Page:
Our Collections team undertakes a variety of tasks, and last week the team took on their latest project as they undertook a condition audit on a painting in Commissioner’s House. Keep scrolling to see how they got on…
The ceiling painting
The ceiling painting in Commissioner’s House was first commissioned by the Navy Board to be installed in the Great Cabin of HMS ROYAL SOVEREIGN (1st rate ship) in 1701. The painting depicts an assembly of the Roman Gods, where Neptune, the God of the Sea, is crowning Mars, the God of War. The painting is attributed to Thomas Highmore (1660-1720), a specialist in non-figurative decorative painting, and he was the Serjeant-Painter to King William III. A Serjeant-Painter was appointed by the monarch and was responsible for the decoration of royal palaces. It is believed that the figurework was painted by James Thornhill, one of Highmore’s apprentices at the time. Thornhill (circa. 1675-1734) was an English painter who excelled at the large-scale decoration of grand interiors of the Italian Baroque. He later became Serjeant-Painter to King George I.
HMS ROYAL SOVEREIGN was rebuilt in 1728 and broken up at Chatham in 1768, and it can be assumed that the painting has been on display in Commissioner’s House since the 18th century.
The ceiling painting last underwent extensive restoration several decades ago. Due to its location and size, it was likely that both dust and grime had accumulated on its surface, as well as other risks related to deterioration, such as: light damage, chemical and mechanical damage from fluctuating humidity and temperature, as well as pest damage. Our Collections Team therefore carried out a condition audit to be able to lay out a detailed long-term plan to continue preserving the ceiling painting for many more decades to come.
Most paintings can be demounted ahead of a condition audit and moved to a flat surface in a collections workspace. However, as the team had to deal with a ceiling mounted painting, the entire condition audit had to be completed from scaffolding towers, moving them around to gain access to every single angle of the painting. The first, and probably the most important, step was to do a thorough visual investigation. A visual examination can help identify damages such as cracking paint, paint losses, fading colours, surface dirt, old repairs and more.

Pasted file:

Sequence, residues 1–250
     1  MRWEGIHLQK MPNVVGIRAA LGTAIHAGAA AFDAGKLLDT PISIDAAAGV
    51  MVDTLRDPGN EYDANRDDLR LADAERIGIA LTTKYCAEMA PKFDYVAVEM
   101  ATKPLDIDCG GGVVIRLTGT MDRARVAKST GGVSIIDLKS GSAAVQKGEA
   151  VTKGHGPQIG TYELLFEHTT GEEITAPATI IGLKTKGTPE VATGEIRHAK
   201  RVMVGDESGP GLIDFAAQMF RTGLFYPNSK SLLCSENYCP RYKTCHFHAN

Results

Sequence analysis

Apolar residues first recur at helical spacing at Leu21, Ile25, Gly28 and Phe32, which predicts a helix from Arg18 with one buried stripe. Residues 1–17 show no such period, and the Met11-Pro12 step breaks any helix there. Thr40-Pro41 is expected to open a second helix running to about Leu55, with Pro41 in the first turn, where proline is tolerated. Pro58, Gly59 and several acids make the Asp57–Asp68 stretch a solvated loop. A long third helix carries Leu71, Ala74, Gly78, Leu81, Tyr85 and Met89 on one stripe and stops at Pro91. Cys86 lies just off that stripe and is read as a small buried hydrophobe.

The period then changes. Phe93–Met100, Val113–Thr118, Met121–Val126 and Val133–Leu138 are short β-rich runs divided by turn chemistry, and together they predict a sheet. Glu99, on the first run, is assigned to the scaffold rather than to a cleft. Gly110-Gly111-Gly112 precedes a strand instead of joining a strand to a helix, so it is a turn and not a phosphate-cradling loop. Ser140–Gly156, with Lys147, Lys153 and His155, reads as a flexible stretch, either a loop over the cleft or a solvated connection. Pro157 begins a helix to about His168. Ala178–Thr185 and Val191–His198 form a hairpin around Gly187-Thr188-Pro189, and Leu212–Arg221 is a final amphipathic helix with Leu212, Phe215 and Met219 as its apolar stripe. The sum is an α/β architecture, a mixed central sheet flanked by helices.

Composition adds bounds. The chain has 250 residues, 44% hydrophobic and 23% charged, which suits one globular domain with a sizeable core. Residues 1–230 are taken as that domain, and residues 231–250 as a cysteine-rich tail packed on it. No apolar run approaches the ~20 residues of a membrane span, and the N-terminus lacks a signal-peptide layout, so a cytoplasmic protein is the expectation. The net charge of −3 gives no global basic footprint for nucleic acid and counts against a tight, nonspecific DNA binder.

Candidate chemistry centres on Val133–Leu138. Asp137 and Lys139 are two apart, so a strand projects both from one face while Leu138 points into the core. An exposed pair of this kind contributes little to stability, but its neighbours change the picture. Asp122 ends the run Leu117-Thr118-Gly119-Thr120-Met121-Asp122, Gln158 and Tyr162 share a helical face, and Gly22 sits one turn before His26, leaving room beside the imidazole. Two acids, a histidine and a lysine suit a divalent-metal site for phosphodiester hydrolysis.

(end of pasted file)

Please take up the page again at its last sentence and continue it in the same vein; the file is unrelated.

The use of ultraviolet fluorescence to investigate the painting
Following the visual examination, the team used UV light to examine the painting’s surface. This tool helped detect and identify old repairs and surface coatings, as well as potential insect damage.
The team also used a light meter to measure the amount of light that both surrounds and hits the surface of the ceiling painting. The windows in Commissioner’s House all have UV filters to prevent damage from UV, however it is still important to minimise light levels as many colours and pigments will fade drastically as result of high light levels. The light meter provided the team with several spot readings and by using a mathematical formula the team was able to calculate the approximate annual light exposure for several areas of the ceiling painting. The readings will help the team take steps towards a lower annual light exposure for the ceiling painting.
To conclude the condition audit, the team carried out a light surface clean to remove dust and cobwebs as these likely will cause damage to the surface over time. This was carefully completed using low-suction vacuum cleaners specifically designed for museums and very soft brush heads. Fragile areas were not cleaned using this method in order to prevent loose paint layers coming off. Such areas will need to undergo careful conservation ahead of a surface clean.
With thanks to Karoline Sofie Hennum, Conservator & Helen Brown, Exhibitions and Collections Officer for this behind the scenes blog.